When I was a kid in Pennsylvania, I learned in elementary school about this tall guy named Abraham Lincoln who grew up in a rural log cabin and educated himself by reading books at night by candlelight. He later became President of the United States and held the country together in a civil war that started from his doing what was right when he ended slavery.
He showed us that America is a land of opportunity where kids like me could do the right thing and be rewarded, perhaps even become the President. We were taught that American politicians like President Lincoln were elected to go to Washington to do great things, like Honest Abe did.
Does Washington still provide the opportunity to inspire kids today?
No. Washington nowadays is where opportunities for good deeds are squandered and crass opportunism is rewarded. Here are some examples from the past few weeks alone.
One member of Congress is in the news daily for her praise of the January 6th U.S. Capitol rioters as patriots, her support for more guns and less gun control despite routine mass shootings, her flattery of a leaker of military secrets as a hero rather than a traitor and her support for Russia instead of Ukraine. Rather than being vilified, she has been reappointed to the Congressional Homeland Security Committee. That means her reward for grossly distorting information was to give her even more information to misrepresent, including highly sensitive classified information that can’t be debated publicly because it’s secret.
Another Congressman is interfering with criminal prosecutions in New York state courts by holding official hearings in Manhattan to try to show that New York’s government should spend money prosecuting more serious criminals instead of his beloved hero Donald Trump. To the Congressman’s embarrassment, his circus-like sideshow found less violent crime in New York City than in the area of Ohio where he was elected or in Trump’s Florida neighborhood.
The year 2022 saw 78 homicides in Manhattan out of 1.6 million people (a drop of 15 percent from the year before). By comparison, Trump’s current home county had 96 of its 1.5 million residents killed while 139 were killed in Columbus, Ohio, a city with a population of less than a million people. The Congressman was nevertheless rewarded by right-wing media extoling his bogus concern about real crimes and, of course, by fawning praise from Mr. Trump.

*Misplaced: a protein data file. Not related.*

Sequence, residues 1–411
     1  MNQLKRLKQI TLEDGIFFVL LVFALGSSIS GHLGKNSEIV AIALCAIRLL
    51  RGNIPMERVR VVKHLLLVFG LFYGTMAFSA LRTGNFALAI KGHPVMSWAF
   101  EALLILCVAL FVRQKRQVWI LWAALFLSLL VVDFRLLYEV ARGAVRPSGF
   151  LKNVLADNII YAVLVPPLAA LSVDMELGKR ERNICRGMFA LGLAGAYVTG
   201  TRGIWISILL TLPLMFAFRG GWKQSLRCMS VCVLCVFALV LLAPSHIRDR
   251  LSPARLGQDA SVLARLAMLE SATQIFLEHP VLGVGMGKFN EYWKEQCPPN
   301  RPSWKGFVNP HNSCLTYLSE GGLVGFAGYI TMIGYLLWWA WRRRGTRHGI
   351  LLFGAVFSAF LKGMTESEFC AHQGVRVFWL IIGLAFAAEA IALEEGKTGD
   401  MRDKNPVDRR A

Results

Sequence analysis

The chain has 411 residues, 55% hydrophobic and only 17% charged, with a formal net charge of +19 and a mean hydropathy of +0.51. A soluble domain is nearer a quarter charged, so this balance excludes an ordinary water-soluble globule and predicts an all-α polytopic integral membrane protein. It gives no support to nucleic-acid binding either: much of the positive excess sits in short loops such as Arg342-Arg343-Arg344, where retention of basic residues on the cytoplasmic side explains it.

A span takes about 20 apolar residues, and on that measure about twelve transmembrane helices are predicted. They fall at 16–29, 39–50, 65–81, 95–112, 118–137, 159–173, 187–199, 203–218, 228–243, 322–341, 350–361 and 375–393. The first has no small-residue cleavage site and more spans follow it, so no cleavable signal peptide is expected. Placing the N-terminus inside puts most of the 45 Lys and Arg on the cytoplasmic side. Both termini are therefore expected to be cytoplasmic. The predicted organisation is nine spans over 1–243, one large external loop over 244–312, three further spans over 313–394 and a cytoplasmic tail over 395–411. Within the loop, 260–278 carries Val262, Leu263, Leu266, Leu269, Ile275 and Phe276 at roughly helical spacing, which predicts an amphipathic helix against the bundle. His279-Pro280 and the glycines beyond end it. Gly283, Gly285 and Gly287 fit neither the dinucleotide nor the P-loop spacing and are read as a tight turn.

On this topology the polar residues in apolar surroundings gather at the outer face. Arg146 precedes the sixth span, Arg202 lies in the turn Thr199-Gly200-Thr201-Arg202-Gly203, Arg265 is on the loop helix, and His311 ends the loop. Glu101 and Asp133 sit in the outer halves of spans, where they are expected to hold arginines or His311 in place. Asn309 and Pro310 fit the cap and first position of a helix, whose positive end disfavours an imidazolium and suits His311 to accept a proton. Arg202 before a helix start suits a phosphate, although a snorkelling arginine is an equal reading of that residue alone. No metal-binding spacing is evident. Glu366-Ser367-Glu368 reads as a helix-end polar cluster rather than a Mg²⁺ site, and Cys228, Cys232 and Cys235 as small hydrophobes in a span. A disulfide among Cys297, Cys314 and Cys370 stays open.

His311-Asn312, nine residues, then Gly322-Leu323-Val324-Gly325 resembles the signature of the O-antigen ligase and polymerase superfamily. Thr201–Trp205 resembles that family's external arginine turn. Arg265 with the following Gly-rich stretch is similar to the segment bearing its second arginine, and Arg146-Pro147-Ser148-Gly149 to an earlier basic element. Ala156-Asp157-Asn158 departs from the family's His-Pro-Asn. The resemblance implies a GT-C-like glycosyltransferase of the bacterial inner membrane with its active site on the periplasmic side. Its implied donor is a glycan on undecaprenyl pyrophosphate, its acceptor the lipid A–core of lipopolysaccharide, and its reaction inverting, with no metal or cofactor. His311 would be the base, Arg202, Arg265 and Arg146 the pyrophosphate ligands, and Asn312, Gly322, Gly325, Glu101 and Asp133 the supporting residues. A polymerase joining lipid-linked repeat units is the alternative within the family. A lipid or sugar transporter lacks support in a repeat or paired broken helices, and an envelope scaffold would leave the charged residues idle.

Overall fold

Another one is not yet in Washington, but he may soon arrive. He’s the Governor of Florida who is busy banning books, restricting teaching in schools, trampling the rights of anyone who gender identifies in any way that differs from what he likes and punishing companies like Disney for allowing employees to exercise their free speech rights to disagree with him. He also randomly sends migrants and refugees via buses and planes to other U.S. states without any advance warning or support like clothing, food or water. He's been rewarded in many polls by becoming the leading Republican party candidate for President in 2024 and in some polls as likely to prevail over President Biden.
All of them are Republicans, but Democrats engage in equally mindless opportunism too. Several Democrats have suggested that the response to any law enforcement’s overreaching and corruption should be to defund the police. Others have sponsored local legislation to pay millions of dollars in reparations to people for no reason other than their having black skin instead of white skin, with little regard for skin colors that also differ from white such as brown, red or yellow. These are real proposals for cash payments in places where they can help to win elections.
Their main effect, however, has been to alienate the vast majority of all voters and to provide ammunition for opponents who portray such ideas as ridiculously out of touch with reality. Other Democrats must now choose whether to openly reject such extreme ideas or risk their party losing elections in places far from the narrow circles where such initiatives started.